This piece is cross posted from the IDEA blog as part of the A Year At Mission Hill project.
The teachers at Mission Hill begin the school year together, focused not only on the work to be done in the coming year, but also the ways in which they can use that work to model “being steward to the land, having meaningful work and being kind.” Their connection to The Farm School provides both a frame for that conversation and a vehicle for that meaningful learning.
Teachers at Harrisville Wells Memorial School, a public school serving students in grades k-6 in Harrisville, New Hampshire, work in partnership with the Harris Center for Conservation Education in much the same way. Though the rural location of the school serves as a primary outdoor classroom and learning lab, the expertise of the staff at the Center helps teachers to plan lessons that build upon not only the natural world, but also the real needs of the school and local community. Following the New England ice storm of 2008, students spent time in the field researching the ways in which invasive Oriental Bittersweet made significant contributions to the serious damage to local forests. After learning about the ways in which the invasive species came to the region and what steps could be taken to prevent its further spread, students returned to the forest on school grounds and removed as much of the plant as they could. Students studying bears compared populations in New Hampshire with those found in Yellowstone National Park discovered that New Hampshire fish and game officials had noted that local bear populations were showing an increasing problem with nuisance bears. Students then collaborated on a letter writing campaign to newspapers around the state encouraging residents to take down bird feeders in an effort to protect the bears.
Whether taking walking field trips in the historic mill town to study local geology or examining the water ways of the old preserved historic mill town to learn first-hand about force and motion, educating the community about the role of bats in the local ecosystem by being guest speakers on a local radio show or growing their own vegetables after exploring the emerging Localvore and farm-to-table movements, learning is happening out in the world, not just in the classroom. Recent graduates have returned to the school to continue this habit of service. One former student built a green house for the K-1 students and another helped the 4th and 5th grade students clear a hiking trail and build a kiosk to display students’ science research projects such as animal research field guides. Wells Memorial School teachers see the connection between the curriculum and the community as a key aspect of their work.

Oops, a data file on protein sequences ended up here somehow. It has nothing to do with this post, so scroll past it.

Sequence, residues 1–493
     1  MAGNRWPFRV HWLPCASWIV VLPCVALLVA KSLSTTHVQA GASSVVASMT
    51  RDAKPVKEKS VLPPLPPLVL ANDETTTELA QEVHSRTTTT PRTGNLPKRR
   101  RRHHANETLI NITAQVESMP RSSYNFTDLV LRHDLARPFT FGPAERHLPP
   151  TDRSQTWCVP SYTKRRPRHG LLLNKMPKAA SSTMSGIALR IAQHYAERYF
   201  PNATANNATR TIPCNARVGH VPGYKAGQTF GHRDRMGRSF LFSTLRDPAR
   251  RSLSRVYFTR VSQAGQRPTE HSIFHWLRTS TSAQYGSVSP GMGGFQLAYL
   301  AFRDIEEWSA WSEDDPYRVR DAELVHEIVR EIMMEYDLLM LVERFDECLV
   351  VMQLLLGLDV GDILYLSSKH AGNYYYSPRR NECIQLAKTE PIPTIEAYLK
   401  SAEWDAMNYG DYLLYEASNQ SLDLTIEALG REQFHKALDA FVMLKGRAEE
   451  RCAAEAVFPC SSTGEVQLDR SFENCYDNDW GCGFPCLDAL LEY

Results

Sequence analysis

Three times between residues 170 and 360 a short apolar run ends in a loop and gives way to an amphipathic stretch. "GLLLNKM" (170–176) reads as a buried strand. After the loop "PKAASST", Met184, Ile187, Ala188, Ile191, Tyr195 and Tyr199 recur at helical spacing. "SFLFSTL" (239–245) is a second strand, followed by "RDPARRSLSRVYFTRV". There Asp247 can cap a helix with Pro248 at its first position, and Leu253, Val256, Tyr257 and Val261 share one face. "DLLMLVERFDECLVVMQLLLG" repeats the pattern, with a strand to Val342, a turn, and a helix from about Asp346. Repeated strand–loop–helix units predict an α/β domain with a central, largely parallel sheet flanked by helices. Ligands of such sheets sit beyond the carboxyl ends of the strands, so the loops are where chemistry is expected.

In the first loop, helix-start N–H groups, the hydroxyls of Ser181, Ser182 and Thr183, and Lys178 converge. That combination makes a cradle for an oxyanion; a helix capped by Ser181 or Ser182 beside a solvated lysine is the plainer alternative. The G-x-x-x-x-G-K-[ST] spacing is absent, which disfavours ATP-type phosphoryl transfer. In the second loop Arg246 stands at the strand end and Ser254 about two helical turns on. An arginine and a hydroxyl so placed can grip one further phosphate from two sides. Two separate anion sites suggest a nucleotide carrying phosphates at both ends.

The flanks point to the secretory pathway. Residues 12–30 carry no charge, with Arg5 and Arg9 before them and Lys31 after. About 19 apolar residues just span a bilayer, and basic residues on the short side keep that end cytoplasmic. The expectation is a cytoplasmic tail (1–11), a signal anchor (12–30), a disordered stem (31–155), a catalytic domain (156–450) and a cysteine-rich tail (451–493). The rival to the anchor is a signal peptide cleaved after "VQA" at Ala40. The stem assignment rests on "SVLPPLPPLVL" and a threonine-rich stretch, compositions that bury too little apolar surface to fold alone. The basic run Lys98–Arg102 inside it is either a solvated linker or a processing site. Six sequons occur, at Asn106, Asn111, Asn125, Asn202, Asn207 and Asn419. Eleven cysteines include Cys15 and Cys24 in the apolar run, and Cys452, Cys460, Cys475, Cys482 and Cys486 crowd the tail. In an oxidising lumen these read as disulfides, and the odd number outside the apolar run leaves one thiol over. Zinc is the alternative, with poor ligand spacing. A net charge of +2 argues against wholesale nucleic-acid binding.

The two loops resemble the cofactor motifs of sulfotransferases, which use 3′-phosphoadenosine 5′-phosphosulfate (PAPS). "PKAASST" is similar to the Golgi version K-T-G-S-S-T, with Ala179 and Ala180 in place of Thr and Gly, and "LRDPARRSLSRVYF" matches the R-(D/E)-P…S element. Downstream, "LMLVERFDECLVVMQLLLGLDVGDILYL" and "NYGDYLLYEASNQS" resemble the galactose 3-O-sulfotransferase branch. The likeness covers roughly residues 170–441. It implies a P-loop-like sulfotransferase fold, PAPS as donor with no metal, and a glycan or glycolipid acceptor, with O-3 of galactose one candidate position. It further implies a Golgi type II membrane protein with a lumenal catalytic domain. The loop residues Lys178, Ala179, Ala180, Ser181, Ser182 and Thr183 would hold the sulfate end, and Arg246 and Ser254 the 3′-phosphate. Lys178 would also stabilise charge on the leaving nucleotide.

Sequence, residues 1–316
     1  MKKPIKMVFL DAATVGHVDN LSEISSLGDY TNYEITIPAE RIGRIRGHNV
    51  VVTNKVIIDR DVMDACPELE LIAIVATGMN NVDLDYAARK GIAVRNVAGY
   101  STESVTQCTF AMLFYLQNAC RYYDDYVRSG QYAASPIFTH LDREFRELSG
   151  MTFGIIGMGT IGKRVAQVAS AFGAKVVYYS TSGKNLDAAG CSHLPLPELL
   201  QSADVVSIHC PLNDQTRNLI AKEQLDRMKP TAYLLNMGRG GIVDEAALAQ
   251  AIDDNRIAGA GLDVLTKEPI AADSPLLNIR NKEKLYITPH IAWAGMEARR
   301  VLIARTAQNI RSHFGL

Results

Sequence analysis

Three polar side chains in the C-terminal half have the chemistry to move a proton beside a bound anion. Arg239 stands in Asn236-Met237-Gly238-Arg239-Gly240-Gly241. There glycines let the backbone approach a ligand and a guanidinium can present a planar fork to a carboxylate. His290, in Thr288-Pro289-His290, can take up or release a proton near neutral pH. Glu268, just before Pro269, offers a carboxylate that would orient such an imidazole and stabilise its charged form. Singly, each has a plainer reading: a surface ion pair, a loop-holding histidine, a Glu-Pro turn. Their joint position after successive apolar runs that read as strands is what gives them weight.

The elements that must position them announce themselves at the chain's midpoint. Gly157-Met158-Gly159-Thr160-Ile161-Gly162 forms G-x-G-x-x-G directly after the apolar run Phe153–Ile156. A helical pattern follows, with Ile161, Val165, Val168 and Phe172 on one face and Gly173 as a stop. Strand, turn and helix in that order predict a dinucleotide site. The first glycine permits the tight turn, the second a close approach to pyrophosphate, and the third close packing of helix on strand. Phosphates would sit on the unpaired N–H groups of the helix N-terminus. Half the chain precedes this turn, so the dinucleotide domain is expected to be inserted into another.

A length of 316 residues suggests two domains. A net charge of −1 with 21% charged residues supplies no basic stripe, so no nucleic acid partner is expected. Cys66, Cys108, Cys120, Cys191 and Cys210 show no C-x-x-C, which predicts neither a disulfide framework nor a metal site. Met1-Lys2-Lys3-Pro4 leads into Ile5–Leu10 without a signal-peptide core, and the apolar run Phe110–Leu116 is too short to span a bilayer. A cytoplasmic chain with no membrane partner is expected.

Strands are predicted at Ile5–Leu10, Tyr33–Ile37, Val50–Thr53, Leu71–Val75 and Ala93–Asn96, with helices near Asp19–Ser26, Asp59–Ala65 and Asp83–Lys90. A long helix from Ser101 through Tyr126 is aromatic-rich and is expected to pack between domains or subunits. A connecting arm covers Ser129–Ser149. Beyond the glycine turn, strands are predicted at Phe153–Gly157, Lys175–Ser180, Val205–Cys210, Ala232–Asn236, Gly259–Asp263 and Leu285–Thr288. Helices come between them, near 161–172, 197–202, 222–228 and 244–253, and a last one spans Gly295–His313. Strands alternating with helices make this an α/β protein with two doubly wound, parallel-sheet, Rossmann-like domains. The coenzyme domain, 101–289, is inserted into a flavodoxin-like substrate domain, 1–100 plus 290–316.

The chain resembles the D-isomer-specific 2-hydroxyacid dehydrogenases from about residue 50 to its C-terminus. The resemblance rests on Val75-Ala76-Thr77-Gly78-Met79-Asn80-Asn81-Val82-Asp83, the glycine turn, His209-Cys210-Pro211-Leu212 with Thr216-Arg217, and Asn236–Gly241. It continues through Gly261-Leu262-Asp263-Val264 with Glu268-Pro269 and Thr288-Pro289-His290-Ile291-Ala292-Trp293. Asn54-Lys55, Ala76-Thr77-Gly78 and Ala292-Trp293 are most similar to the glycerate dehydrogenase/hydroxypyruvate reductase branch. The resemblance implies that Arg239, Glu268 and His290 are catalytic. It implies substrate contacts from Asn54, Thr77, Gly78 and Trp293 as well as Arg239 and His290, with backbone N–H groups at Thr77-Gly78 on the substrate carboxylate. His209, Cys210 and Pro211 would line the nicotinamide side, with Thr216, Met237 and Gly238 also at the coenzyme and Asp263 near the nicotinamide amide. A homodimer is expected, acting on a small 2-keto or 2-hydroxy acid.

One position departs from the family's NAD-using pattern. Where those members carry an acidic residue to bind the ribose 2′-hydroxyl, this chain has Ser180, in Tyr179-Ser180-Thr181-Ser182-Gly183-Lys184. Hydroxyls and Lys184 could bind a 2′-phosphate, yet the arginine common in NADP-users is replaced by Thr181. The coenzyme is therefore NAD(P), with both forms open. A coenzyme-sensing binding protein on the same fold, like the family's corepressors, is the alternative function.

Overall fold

Visits to the Harris Center are also a consistent part of each student’s experience at Wells. The school takes yearly hikes to the center and many classes make additional trips to do some hands on learning with over 20 animals on exhibit. As both culminating and introductory experiences, students connect history, science, math and literature to the natural world as a way of deepening their understanding of both. Wells teachers agree with Mission Hill Principal Ayla Gavins’ description of the experience: “Every time we go there and a kid has more ownership over that place, the more they can imagine what’s possible.”
Like students at Mission Hill, the skills students and staff develop working with the Harris Center transfer into other aspects of the school curriculum as well. Since students learn to “be scientists” (rather than just studying science), they approach the rest of their work in similar fashion – acting as historians, writers, mathematicians, engineers and artists throughout their elementary experience. Teachers gain skills at facilitating instruction across their curriculum by team teaching with Harris Center staff. They learn to create structure while remaining flexible to the ways some units of study emerge or expand as they develop through the school year. In both schools, the powerful desire not only to act as a “steward to the land and do meaningful work” but also to connect learning with action, brings together students and community in truly powerful ways.